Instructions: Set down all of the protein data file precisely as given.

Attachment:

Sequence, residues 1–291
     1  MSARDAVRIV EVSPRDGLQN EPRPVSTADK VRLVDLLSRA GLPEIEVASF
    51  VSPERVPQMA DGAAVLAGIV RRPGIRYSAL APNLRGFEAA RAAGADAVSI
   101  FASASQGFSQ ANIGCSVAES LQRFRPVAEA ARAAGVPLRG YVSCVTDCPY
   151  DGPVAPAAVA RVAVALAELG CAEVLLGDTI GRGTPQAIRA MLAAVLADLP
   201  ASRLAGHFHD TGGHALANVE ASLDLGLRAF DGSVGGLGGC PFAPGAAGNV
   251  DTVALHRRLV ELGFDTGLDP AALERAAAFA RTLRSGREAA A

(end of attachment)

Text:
Sequence, residues 1–291
     1  MSARDAVRIV EVSPRDGLQN EPRPVSTADK VRLVDLLSRA GLPEIEVASF
    51  VSPERVPQMA DGAAVLAGIV RRPGIRYSAL APNLRGFEAA RAAGADAVSI
   101  FASASQGFSQ ANIGCSVAES LQRFRPVAEA ARAAGVPLRG YVSCVTDCPY
   151  DGPVAPAAVA RVAVALAELG CAEVLLGDTI GRGTPQAIRA MLAAVLADLP
   201  ASRLAGHFHD TGGHALANVE ASLDLGLRAF DGSVGGLGGC PFAPGAAGNV
   251  DTVALHRRLV ELGFDTGLDP AALERAAAFA RTLRSGREAA A